The Fort Worth Court of Appeals recently held, in 1701 New York Avenue, LLC v. City of Arlington (PDF), that apartment owners who failed to appeal a demolition order from a municipal court were prohibited from bringing a takings claim against the city. This is a favorable case for cities in that it properly applies the case law handed down by the Texas Supreme Court in 2012.
On January 27, 2012, the Texas Supreme Court issued the City of Dallas v. Stewart and Patel v. City of Everman opinions. As reported at the time, the impact of the opinions on cities was not totally clear. There were questions, for instance, about whether an appeal from the decision of an administrative body (e.g, the city council, a building and standards commission, or a municipal court acting in a civil capacity) must be raised by a property owner within 30 days in order for the property owner to assert a takings claims. This time frame comes from Texas Local Government Code Section 21412.
The facts in the 1701 New York Avenue, LLC case are straightforward-the apartment owners did not appeal the municipal court’s nuisance finding and demolition order within the 30 day time frame. Because the apartment owners did not appeal the demolition order, the court held they could not institute a separate proceeding to assert a takings claim. The Fort Worth Court of Appeals explains that “[a] party asserting a taking based on an allegedly improper administrative nuisance determination must appeal that determination and assert any takings claim in that proceeding.”
TML has urged the courts to adopt a clear rule that a takings claim must be brought when proceedings are instituted-that is, in the same thirty-day window as the appeal to the administrative nuisance determination. Unfortunately, this approach was rejected in Wu v. City of San Antonio (PDF), a factually complex case in which the San Antonio Court of Appeals broadly interpreted what it means to bring a takings claim in the same “proceeding.”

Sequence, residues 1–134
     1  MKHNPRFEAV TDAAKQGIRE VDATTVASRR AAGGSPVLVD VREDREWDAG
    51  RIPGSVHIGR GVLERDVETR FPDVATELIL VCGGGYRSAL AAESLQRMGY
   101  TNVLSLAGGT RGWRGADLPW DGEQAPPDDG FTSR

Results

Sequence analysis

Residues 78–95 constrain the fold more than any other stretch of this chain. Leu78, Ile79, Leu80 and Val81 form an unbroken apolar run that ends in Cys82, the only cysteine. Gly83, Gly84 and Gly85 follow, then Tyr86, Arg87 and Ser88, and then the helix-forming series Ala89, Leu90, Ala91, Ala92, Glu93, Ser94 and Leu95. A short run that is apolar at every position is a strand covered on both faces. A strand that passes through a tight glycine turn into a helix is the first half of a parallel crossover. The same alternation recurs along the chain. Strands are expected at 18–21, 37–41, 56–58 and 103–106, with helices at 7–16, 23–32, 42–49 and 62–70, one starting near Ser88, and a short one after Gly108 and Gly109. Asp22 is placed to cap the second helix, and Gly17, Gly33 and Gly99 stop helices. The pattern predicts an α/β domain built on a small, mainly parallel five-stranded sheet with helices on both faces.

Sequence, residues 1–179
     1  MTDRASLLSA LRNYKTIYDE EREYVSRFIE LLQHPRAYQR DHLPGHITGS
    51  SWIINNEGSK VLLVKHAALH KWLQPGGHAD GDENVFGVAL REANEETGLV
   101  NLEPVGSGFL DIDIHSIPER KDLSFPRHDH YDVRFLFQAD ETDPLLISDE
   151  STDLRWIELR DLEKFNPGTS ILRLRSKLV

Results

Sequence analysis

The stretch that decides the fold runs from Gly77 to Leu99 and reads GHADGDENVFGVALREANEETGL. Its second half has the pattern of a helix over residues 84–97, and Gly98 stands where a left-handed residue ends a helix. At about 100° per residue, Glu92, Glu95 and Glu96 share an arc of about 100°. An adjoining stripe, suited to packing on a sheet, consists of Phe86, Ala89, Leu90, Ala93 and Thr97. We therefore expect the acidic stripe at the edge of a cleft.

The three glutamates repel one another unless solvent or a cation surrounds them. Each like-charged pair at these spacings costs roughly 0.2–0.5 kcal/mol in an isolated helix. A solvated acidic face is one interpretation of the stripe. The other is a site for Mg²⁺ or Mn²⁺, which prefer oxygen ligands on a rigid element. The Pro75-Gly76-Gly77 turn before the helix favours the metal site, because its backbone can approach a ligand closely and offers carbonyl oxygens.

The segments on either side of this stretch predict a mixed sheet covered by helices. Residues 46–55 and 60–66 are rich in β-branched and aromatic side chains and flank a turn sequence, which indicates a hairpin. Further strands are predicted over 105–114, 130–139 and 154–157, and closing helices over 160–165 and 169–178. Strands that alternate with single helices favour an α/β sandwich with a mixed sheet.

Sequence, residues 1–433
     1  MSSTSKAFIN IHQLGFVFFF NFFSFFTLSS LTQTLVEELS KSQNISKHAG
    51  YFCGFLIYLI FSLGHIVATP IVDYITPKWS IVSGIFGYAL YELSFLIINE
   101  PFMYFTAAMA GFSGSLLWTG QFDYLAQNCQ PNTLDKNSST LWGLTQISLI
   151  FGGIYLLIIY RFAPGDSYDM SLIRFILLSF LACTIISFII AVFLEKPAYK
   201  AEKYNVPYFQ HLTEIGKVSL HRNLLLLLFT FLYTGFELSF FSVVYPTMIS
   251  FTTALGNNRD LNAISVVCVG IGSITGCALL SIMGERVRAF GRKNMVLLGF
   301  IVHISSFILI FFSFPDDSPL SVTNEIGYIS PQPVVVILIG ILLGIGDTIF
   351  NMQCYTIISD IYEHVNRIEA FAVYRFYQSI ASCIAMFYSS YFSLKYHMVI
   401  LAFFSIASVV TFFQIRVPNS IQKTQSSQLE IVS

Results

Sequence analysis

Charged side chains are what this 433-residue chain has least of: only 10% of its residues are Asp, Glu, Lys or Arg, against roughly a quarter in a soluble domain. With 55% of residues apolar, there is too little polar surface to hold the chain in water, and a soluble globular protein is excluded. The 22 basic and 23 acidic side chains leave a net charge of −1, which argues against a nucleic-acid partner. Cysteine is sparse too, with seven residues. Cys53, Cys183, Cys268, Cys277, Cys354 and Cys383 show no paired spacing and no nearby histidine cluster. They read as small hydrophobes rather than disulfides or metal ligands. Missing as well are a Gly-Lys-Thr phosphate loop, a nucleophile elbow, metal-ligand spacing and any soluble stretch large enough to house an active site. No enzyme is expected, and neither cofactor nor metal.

Although there still isn’t a clear-cut rule that a takings claim must be raised in 30 days, the bottom line is that cities have continued to use administrative bodies to make nuisance findings and order the demolition of substandard structures. So long as the property owners do not appeal those findings within 30 days, cities are likely safe from takings claims if they proceed with demolition.
Last week, a Travis County district judge dismissed the City of Austin’s lawsuit challenging the property tax appraisal system. The suit sought to declare the current property tax system unconstitutional due to a state statute allowing property to be valued in accordance with the median level of appraisal of comparable properties, which has ultimately led to the undervaluation of commercial property. Read a previous Legislative Update article detailing the city’s arguments.
It is unclear whether the city plans to appeal the judge’s ruling. League staff will continue to monitor and report on any future developments.
The League’s “Payday Lending Clearinghouse” webpage, available at on our Payday updates page, includes information related to the regulation of payday and auto title lenders. It is updated from time-to-time to reflect recent developments. Interested city officials should note that the state’s Office of Consumer Credit Commissioner has proposed new rules related to payday and auto title lenders. For more information, visit the clearinghouse page.
TML member cities may use the material herein for any purpose. No other person or entity may reproduce, duplicate, or distribute any part of this document without the written authorization of the Texas Municipal League.